# Is there a way to explain a prediction from a random forest model?

Say I've got a predictive classification model based on a random forest (using the randomForest package in R). I'd like to set it up so that end-users can specify an item to generate a prediction for, and it'll output a classification likelihood. So far, no problem.

But it would be useful/cool to be able to output something like a variable importance graph, but for the specific item being predicted, not for the training set. Something like:

Item X is predicted to be a Dog (73% likely)
Because:
Legs=4
Fur=short
Food=nasty

You get the point. Is there a standard, or at least justifiable, way of extracting this information from a trained random forest? If so, does anyone have code that will do this for the randomForest package?

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Some complexity... You could imagine counting the number of times the Legs variable was part of the decision path. But would you just do that for trees that predicted the majority answer, or all of them? Or the difference? –  Harlan Apr 7 '11 at 23:53
And changing all of the m predictors one by one and looking to see how the forest predicts differently seems sorta expensive. There's gotta be a better way. –  Harlan Apr 8 '11 at 1:03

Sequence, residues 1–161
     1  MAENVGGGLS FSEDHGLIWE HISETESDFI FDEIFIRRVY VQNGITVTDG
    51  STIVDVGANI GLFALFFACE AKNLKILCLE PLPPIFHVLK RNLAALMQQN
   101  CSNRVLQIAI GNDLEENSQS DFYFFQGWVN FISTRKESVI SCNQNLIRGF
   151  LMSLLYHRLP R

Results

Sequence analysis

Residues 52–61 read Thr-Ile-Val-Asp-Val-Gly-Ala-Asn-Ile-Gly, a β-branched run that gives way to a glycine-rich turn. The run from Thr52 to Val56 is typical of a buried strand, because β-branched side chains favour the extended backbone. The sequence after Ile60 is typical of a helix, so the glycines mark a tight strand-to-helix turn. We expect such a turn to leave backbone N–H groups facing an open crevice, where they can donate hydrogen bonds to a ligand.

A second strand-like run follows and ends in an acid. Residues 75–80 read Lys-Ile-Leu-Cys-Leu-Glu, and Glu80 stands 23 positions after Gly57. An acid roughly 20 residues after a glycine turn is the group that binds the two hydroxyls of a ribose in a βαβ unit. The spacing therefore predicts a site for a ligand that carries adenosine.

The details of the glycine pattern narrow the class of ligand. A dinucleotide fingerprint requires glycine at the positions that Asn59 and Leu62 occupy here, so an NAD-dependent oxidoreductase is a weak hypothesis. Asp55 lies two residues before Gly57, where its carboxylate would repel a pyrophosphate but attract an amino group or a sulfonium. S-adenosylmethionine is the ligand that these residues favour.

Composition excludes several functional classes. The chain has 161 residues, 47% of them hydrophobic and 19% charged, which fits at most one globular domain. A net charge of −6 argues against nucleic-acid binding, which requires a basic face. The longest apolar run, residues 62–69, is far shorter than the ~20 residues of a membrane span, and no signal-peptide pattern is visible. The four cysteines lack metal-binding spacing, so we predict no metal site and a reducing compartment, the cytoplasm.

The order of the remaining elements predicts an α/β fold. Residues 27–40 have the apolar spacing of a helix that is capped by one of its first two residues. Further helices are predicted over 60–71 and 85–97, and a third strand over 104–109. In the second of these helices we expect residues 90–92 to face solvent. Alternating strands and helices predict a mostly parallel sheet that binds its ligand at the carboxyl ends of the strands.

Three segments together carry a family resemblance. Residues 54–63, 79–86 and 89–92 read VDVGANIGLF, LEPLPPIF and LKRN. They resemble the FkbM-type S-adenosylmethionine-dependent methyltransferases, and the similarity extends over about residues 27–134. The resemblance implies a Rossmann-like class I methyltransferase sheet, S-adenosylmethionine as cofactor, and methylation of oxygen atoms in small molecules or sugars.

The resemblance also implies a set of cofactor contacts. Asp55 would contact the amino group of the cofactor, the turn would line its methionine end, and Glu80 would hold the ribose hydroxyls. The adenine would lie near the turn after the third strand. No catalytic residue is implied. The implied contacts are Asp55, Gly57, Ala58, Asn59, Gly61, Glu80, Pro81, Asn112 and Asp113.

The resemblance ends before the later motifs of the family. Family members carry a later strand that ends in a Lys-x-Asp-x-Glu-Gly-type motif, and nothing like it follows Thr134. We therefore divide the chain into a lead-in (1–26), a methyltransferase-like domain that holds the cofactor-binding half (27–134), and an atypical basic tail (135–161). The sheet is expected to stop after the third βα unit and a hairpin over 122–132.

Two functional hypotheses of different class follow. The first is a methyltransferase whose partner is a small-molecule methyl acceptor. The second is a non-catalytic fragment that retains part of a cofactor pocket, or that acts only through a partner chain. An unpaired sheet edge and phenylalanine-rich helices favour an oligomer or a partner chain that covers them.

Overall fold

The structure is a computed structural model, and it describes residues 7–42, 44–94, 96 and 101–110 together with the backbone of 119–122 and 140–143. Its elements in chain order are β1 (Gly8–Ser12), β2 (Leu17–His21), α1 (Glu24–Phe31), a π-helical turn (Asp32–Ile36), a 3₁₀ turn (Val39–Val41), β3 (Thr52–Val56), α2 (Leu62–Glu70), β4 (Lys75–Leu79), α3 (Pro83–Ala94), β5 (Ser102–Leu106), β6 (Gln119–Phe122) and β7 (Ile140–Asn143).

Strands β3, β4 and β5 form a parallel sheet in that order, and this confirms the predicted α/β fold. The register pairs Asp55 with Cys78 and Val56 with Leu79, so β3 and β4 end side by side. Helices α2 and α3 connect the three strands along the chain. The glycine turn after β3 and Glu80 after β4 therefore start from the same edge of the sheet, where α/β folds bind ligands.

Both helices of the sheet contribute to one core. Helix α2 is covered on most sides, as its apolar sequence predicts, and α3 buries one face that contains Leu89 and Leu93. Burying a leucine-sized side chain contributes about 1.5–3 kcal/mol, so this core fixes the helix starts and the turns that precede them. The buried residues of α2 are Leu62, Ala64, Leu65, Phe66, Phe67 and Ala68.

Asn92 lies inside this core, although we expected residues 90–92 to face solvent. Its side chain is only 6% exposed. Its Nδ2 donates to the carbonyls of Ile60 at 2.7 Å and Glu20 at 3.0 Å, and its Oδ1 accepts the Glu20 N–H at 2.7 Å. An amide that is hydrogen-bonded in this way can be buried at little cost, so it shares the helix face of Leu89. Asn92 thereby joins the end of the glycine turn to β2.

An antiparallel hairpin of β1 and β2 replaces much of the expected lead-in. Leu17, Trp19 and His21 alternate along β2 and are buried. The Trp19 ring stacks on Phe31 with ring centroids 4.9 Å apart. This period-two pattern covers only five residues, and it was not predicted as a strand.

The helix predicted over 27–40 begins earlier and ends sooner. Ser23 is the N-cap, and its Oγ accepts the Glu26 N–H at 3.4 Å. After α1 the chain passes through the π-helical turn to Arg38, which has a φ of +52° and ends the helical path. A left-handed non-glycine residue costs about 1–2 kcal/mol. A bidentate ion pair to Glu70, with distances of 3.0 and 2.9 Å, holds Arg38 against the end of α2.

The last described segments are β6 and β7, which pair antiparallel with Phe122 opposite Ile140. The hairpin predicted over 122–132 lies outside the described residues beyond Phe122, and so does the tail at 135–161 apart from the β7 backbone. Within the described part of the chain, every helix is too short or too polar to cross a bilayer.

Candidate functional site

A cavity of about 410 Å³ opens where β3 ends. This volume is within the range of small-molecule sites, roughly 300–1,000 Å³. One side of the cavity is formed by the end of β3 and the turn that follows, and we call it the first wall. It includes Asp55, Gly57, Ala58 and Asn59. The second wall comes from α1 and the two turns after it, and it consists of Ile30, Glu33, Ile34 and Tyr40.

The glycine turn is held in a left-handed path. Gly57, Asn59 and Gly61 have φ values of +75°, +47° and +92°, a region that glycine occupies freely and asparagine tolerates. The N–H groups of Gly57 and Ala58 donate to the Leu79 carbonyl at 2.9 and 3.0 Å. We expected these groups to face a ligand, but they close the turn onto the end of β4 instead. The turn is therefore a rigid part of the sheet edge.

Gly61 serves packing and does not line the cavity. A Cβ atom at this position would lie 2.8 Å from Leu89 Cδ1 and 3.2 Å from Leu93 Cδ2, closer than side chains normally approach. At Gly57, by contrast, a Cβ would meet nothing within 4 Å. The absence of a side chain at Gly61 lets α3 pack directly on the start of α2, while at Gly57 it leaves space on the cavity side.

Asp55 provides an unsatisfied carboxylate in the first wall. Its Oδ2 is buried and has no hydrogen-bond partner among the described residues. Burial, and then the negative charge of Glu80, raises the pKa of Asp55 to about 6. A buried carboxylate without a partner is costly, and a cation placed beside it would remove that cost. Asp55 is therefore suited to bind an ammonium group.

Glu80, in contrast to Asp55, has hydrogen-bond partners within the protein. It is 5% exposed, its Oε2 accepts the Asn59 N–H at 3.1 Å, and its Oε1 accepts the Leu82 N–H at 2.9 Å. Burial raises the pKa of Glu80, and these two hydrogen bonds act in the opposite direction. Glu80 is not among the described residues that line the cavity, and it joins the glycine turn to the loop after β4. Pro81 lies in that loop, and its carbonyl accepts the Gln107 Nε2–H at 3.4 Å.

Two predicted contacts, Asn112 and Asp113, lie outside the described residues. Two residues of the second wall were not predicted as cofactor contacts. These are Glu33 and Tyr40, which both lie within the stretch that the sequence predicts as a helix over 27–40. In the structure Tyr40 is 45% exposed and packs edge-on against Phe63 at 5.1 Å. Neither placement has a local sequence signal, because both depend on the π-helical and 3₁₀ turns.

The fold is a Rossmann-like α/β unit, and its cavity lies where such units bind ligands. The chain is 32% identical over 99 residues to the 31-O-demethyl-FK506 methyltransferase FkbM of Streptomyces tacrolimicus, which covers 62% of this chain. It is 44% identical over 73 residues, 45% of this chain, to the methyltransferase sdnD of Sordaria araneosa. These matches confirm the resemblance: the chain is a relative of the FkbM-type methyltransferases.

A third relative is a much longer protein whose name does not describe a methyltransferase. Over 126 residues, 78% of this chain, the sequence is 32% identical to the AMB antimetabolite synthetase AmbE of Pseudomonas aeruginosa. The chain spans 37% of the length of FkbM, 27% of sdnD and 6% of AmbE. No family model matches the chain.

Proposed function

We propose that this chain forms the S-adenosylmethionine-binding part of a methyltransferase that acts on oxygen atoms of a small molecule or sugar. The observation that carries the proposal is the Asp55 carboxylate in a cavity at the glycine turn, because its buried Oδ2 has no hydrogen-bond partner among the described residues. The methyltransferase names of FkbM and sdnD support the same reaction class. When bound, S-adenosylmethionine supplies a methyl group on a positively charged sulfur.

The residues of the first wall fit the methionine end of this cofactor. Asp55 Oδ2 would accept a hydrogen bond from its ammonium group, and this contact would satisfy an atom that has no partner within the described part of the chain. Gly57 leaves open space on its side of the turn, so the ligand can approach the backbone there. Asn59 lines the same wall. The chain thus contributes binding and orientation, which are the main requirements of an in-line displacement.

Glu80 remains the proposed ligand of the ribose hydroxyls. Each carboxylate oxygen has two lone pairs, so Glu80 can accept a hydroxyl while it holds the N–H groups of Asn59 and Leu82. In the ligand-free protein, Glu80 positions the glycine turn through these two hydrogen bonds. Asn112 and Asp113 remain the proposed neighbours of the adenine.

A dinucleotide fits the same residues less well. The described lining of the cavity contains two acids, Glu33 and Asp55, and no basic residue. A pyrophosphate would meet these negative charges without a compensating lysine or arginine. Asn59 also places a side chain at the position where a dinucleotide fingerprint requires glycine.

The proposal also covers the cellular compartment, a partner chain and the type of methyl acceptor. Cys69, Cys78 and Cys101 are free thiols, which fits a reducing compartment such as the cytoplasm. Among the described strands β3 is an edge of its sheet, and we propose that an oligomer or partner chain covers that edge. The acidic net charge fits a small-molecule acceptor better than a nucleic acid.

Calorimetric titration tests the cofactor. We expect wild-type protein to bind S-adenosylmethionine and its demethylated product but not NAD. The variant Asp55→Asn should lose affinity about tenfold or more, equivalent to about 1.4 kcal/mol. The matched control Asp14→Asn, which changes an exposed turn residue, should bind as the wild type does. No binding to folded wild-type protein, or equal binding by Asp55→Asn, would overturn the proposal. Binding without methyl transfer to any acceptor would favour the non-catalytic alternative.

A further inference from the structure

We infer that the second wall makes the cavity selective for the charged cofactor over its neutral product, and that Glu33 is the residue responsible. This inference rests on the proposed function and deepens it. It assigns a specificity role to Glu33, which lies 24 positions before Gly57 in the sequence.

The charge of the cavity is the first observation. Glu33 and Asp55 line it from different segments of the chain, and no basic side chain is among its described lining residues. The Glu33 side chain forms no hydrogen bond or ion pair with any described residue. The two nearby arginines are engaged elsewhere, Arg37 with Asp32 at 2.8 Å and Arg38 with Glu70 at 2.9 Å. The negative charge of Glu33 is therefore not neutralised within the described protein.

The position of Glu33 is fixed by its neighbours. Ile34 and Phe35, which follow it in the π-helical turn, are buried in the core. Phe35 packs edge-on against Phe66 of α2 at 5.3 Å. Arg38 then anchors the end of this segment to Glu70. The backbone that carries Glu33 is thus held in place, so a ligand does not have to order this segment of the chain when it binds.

my first thought was to wonder how what you are wanting to do differs from the variable importance of the training data? Are you looking to say that given the other values as they were, what was the sensitivity of the prediction on legs =4 versus legs=2 or legs=0? Have you looked at the partial plot function in the randomforest package? –  B_Miner Apr 8 '11 at 1:22
The variable importance is usually defined conditional on the whole training set (or the assumed population, or something). But what I want is the variable importance for a single predicted item. Imagine a case where the forest consists of very lopsided decision trees. Test Instance 1 could be explained by 1 or very few decision nodes, while Test Instance 2 could be explained by a much larger set of decision nodes. I want a very simple human-interpretable version of that, like a ranked set of decisions, the top 5 of which I can provide. For a single decision tree, I'd just read them off. –  Harlan Apr 8 '11 at 1:59